The Canadian oil sands — a natural combination of sand, water, and oil found largely in Alberta and Saskatchewan — contain one trillion barrels of oil.

Clive Mather, CEO of Shell Canada, said the Earth’s supply of hydrocarbons is almost infinite, referring to hydrocarbons in oil sands. Engineer Peter Huber believes the Canadian oil sands can fuel all of humanity’s needs for over 100 years.

Hofmeister has also claimed that if oil companies were allowed to drill more in the United States so that they could produce another 2 million barrels per day, oil and gas prices would not be as high as they were in the latter part of the 2000 to 2010 decade.

Dr. Christoph Rühl, Chief economist of BP, repeatedly uttered strong doubts about the peak oil hypothesis: “Physical peak oil, which I have no reason to accept as a valid statement either on theoretical, scientific or ideological grounds, would be insensitive to prices. (…)In fact the whole hypothesis of peak oil — which is that there is a certain amount of oil in the ground, consumed at a certain rate, and then it’s finished — does not react to anything… Peak oil has been predicted for 150 years. It has never happened, and it will stay this way,” he said.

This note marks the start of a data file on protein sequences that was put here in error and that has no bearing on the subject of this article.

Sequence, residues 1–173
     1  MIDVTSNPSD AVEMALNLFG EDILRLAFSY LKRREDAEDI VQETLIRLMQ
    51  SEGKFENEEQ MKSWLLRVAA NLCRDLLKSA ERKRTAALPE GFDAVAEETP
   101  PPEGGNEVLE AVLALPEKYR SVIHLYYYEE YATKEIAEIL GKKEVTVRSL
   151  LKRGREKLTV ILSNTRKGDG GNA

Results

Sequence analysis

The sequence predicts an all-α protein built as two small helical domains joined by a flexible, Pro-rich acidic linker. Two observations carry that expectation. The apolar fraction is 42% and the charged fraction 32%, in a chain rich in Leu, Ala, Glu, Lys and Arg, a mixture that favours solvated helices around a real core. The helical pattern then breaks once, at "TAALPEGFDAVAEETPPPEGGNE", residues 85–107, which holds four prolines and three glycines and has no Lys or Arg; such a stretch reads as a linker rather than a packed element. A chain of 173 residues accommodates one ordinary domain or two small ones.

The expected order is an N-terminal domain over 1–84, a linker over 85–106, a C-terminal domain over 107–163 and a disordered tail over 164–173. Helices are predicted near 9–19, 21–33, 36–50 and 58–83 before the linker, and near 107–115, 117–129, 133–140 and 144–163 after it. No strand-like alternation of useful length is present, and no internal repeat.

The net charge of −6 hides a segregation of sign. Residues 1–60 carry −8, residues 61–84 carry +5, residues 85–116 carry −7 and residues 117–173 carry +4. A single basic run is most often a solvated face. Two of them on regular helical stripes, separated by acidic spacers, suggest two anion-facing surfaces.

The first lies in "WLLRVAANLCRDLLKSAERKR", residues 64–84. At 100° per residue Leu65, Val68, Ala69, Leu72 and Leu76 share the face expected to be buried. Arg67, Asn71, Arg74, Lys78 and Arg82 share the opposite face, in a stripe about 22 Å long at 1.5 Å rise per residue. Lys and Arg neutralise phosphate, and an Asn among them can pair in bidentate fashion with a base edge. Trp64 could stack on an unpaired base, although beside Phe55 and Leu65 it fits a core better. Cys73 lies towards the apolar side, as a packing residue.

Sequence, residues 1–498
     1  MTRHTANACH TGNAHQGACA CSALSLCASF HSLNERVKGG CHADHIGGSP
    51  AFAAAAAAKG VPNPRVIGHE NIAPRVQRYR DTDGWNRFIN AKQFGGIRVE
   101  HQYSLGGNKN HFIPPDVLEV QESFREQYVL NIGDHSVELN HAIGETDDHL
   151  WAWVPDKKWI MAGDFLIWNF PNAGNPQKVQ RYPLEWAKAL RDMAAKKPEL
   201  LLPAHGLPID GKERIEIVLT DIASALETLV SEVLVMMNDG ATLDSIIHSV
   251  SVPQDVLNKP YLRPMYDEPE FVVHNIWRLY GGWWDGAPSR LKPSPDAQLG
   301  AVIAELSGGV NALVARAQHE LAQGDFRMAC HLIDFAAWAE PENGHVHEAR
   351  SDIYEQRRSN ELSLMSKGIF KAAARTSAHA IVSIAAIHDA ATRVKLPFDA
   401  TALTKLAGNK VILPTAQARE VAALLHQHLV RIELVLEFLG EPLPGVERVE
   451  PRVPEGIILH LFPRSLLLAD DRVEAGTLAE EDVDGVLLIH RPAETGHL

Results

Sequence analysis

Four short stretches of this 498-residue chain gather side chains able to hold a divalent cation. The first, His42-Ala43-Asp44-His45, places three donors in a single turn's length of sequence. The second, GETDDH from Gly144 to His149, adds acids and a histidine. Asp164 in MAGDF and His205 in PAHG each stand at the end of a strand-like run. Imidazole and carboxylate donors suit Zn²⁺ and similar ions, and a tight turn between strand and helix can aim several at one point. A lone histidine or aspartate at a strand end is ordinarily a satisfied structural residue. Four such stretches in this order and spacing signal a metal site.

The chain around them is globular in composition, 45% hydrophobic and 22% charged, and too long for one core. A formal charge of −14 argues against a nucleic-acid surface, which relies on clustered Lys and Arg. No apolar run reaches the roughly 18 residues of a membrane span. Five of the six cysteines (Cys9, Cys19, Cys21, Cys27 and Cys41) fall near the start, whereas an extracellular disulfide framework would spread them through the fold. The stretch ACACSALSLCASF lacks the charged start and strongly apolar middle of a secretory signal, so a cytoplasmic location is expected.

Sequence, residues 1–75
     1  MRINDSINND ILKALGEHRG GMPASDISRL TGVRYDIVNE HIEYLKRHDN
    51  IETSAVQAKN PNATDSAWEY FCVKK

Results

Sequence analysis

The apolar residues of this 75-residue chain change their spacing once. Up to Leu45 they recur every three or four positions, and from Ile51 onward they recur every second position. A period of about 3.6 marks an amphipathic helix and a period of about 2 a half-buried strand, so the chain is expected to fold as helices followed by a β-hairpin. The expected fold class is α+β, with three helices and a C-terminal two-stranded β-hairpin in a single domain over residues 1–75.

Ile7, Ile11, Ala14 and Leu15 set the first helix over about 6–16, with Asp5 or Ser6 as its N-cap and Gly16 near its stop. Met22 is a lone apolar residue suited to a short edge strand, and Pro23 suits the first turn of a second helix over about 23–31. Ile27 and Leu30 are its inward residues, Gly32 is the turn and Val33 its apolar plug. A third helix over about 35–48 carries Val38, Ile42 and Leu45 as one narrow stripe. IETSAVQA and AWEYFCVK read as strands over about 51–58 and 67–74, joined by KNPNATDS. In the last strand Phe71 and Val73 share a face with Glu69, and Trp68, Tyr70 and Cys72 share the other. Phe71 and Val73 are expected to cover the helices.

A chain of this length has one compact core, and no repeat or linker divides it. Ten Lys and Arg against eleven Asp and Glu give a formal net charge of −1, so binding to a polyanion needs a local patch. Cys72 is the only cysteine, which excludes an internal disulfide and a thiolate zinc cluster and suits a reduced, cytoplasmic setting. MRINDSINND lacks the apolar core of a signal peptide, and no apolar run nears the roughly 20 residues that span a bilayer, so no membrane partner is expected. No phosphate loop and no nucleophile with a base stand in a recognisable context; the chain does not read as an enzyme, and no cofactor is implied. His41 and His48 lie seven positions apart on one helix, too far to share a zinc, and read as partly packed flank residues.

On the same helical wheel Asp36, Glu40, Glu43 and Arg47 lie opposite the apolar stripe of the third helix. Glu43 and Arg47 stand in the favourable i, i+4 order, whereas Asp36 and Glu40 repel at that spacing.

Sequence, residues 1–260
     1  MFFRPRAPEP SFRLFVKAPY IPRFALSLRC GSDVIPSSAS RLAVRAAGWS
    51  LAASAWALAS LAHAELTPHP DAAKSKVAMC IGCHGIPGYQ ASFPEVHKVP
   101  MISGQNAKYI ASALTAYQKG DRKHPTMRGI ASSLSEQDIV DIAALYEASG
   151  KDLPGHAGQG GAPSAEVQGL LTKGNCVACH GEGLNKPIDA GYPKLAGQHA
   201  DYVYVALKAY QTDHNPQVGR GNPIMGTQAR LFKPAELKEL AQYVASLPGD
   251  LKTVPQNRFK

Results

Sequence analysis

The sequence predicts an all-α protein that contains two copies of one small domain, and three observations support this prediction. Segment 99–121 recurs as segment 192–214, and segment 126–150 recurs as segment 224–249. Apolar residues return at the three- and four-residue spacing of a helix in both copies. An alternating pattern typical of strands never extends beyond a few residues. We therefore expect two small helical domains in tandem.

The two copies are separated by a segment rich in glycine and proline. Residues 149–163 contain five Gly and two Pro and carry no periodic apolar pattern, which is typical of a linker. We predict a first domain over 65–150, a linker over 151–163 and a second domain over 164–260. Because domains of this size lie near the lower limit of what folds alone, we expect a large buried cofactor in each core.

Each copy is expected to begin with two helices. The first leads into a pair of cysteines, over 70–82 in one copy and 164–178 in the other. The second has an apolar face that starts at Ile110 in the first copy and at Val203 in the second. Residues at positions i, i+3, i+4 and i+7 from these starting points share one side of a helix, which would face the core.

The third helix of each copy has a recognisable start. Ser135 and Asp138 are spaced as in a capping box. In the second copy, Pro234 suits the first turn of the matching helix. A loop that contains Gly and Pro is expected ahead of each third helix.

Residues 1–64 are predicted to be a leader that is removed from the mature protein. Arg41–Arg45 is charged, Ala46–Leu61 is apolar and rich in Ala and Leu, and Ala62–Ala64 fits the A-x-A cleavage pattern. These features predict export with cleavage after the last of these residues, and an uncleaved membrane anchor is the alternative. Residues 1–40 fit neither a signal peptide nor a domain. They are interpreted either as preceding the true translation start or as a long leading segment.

So what is the truth?

The reality is that there is enough oil to last for a very long time, and that predictions of imminent collapse and shortages are simple crankery.

The only issues are extraction and distribution costs, but these are also subject to a vast array of socio-political pressures which can, and do, equally affect the price of oil.

Unnecessary wars in the Middle East, for example, have a far greater impact upon oil prices than any made-up “shortages” or imaginary crises.

This topic, like nuclear power, should be properly debated and discussed before being forced onto any political party at the whim of one person.

Crankery masquerading as “policy” must be prevented from being forced on an entire party through a process of formal study by experts, followed by consultation and discussion.

Let us hope that this lesson can be properly learned, and implemented, in the near future.

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  1. First class article – well done.

    The recent discovery off the coast of Brazil was recently upgraded in terms of its reserves. There are also believed to be enormous fields off the coast of the USA, which cannot be exploited due to a governmental embargo, for environmental reasons.

    The new methods of gas extraction determine there will be no energy shortage from that quarter, either.